If you have used ever used Drupal or any other frameworks like Symfony, Laravel and so on have you probably come across code that look something like:

Categories: Drupal

Gizra.com: WebdriverIO Tests with Multiple Browsers

Planet Drupal - 30 July 2018 - 10:00pm

Everything was working great… and then all the tests broke.

This is the story of how adding a single feature into an app can break all of your tests. And the lessons can be learned from it.

The Feature that Introduced the Chaos

We are working on a Drupal site that makes uses of a multisite approach. In this case, it means that different domains are pointed at the same web server and the site reacts differently depending on which domain you are referencing.

We have a lot of features covered by automatic tests in Webdriver IO – an end to end framework to tests things using a real browser. Everything was working great, but then we added a new feature: a content moderation system defined by the workflow module recently introduced in Drupal 8.

The Problem

When you add the Workflow Module to a site – depending on the configuration you choose – each node is no longer published by default until a moderator decides to publish it.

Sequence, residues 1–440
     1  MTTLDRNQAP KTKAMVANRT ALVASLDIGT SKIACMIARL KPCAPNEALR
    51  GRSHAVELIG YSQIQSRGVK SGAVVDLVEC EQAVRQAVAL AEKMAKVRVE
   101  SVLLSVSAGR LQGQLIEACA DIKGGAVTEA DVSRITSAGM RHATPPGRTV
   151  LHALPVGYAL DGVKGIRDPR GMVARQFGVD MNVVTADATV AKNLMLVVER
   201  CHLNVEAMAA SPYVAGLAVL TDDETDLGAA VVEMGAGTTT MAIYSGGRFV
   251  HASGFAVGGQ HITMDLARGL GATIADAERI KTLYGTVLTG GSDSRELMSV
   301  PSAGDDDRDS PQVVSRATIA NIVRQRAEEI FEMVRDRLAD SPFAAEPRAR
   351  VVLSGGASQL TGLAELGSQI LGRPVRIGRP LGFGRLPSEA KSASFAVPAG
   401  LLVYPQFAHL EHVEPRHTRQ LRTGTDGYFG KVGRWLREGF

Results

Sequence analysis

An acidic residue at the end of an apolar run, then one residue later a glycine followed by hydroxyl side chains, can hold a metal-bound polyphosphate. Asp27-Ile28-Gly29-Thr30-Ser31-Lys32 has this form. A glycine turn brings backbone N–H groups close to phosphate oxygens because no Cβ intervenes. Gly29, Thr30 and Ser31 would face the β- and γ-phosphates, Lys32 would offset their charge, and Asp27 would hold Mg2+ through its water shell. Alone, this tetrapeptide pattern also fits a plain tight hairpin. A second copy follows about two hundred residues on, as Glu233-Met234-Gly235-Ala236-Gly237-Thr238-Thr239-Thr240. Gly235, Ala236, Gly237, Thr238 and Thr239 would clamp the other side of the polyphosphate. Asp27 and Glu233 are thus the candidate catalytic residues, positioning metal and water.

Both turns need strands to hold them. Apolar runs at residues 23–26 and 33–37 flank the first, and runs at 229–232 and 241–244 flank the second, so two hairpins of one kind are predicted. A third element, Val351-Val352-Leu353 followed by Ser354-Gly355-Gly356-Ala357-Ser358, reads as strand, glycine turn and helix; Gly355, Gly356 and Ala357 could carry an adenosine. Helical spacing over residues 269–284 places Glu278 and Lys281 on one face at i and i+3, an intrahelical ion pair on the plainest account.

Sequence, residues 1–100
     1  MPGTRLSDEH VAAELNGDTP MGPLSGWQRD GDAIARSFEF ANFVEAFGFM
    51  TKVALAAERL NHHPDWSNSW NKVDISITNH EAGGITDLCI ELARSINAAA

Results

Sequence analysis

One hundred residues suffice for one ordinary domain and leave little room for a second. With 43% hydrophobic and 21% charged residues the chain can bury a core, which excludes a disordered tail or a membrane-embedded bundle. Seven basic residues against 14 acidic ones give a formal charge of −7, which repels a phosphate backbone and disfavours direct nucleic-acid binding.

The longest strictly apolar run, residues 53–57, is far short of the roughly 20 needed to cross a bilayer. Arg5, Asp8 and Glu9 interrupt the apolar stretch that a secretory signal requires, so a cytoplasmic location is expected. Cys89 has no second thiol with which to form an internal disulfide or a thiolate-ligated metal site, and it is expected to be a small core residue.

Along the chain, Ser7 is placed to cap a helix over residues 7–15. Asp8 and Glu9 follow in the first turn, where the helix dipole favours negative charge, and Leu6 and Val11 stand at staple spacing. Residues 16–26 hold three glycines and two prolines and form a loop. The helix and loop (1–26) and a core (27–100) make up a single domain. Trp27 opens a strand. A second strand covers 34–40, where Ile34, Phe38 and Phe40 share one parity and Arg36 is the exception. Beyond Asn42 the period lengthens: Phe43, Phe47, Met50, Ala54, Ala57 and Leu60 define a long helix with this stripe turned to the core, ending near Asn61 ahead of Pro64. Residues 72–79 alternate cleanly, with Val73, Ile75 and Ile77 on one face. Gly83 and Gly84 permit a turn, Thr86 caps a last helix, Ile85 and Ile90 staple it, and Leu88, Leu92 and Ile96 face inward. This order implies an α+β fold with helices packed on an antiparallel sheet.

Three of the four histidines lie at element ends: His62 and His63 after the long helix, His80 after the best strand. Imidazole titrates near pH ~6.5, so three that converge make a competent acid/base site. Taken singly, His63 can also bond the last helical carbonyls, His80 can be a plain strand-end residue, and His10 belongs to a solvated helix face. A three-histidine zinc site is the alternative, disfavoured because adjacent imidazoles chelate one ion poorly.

So as you can imagine, all of the tests that were expecting to see a node published after clicking the save button stopped working.

A Hacky Fix

To fix the failing test using Webdriver you could:

  1. Login as a user A.
  2. Fill in all the fields on your form.
  3. Submit the node form.
  4. Logout as user A.
  5. Login as user B.
  6. Visit the node page.
  7. Publish the node.
  8. Logout as user B.
  9. Login back as user A.
  10. And make the final assertions.

Here’s a simpler way to fix the failing test:

You maintain your current test that fills the node form and save it. Then, before you try to check if the result is published, you open another browser, login with a user that can publish the node, and then with the previous browser continue the rest of the test.

Multiremote Approach

To achieve this, Webdriver IO has a special mode called multiremote:

WebdriverIO allows you to run multiple Selenium sessions in a single test. This becomes handy when you need to test application features where multiple users are required (e.g. chat or WebRTC applications). Instead of creating a couple of remote instances where you need to execute common commands like init or url on each of those instances, you can simply create a multiremote instance and control all browser at the same time.